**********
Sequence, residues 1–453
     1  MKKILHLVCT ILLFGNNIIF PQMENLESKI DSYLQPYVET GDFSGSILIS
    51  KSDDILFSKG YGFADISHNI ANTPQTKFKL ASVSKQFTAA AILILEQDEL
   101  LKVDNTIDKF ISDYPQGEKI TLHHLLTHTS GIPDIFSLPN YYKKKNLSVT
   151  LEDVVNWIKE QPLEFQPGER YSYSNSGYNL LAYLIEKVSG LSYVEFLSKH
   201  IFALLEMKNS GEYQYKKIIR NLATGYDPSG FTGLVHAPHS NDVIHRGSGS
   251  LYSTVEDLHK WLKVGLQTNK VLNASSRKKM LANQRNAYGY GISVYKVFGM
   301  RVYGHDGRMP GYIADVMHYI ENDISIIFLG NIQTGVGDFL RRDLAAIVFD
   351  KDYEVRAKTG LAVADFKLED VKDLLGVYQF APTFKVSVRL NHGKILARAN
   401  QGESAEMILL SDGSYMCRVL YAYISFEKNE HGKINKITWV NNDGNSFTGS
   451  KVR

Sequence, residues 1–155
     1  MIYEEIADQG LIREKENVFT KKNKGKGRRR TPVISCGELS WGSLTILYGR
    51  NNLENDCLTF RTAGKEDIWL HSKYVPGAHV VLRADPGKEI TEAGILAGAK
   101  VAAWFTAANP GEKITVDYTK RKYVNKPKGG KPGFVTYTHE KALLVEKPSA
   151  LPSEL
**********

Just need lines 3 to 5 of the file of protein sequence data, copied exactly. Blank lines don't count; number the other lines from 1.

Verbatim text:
    51  KSDDILFSKG YGFADISHNI ANTPQTKFKL ASVSKQFTAA AILILEQDEL
   101  LKVDNTIDKF ISDYPQGEKI TLHHLLTHTS GIPDIFSLPN YYKKKNLSVT
   151  LEDVVNWIKE QPLEFQPGER YSYSNSGYNL LAYLIEKVSG LSYVEFLSKH